After the end of an inquiry into an accident last year, Jeff Bezos’ space company Blue Origin said Friday it wants to resume rocket flights “soon,” but it must wait for US authorities to accept the results.
Following the September 2022 disaster, which occurred immediately after liftoff from Texas, the company’s New Shepard suborbital rockets, which are designed for space tourism among other things, have been halted.
The tragedy was a blow for Amazon founder Jeff Bezos’ firm, but experts were reassured by the fact that if humans had been aboard, they would have likely survived.
The rocket for the launch was a single booster, with Blue Origin’s NS-23 capsule carrying a research payload on top.
During the flight, an anomaly occurred as the rocket was ascending, causing it to seem to stall due to a technical fault.
The capsule then began its escape phase, outrunning the launcher and plummeting back to Earth, slowed by parachute drag.
Blue Origin stated at the time that the rocket “impacted the ground” rather than landing upright as is customary.
After that, an inquiry was launched under the supervision of the regulating Federal Aviation Administration (FAA).
The FAA stated on Friday that its investigation is still ongoing and that it is “currently analyzing the company’s submission of their mishap report.”
“FAA permission is necessary to end the inquiry and resume flying operations for the New Shepard System,” the company stated in a statement.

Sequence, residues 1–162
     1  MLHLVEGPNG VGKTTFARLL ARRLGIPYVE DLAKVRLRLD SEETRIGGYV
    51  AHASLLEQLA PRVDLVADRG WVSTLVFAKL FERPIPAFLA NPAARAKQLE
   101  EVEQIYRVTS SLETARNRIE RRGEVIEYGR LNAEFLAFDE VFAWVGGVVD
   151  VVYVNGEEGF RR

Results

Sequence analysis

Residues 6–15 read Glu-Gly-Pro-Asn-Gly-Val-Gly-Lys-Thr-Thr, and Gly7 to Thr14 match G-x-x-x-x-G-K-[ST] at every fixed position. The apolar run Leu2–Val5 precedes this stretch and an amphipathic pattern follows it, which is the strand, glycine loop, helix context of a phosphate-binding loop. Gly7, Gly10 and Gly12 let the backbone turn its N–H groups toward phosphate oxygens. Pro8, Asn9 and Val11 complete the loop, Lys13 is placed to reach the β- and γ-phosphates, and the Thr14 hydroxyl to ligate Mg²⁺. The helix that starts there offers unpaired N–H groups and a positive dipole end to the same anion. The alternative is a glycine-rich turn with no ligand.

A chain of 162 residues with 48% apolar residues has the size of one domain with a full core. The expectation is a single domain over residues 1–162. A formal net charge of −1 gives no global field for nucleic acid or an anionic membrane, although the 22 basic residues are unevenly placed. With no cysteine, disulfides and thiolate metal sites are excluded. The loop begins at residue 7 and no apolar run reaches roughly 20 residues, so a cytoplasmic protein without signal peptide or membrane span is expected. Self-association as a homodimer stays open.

The abnormality was caused by a “thermo-structural collapse of the engine nozzle,” which is the duct via which burning gases are discharged, according to Blue Origin.
As a result, there was a “thrust misalignment,” which activated the capsule escape system.
The failure of the nozzle was caused by higher-than-expected temperatures, according to the inquiry, indicating that “design adjustments” should prevent the problem in the future.
It further stated that the capsule and its contents “landed safely,” owing to an escape device that “performed as intended.”
Blue Origin stated that it “expects to resume flight shortly” with the same NS-23 payloads.
Since July 2021, when Bezos personally took part in the first voyage, Blue Origin has carried 32 individuals — some as paying customers, some as guests.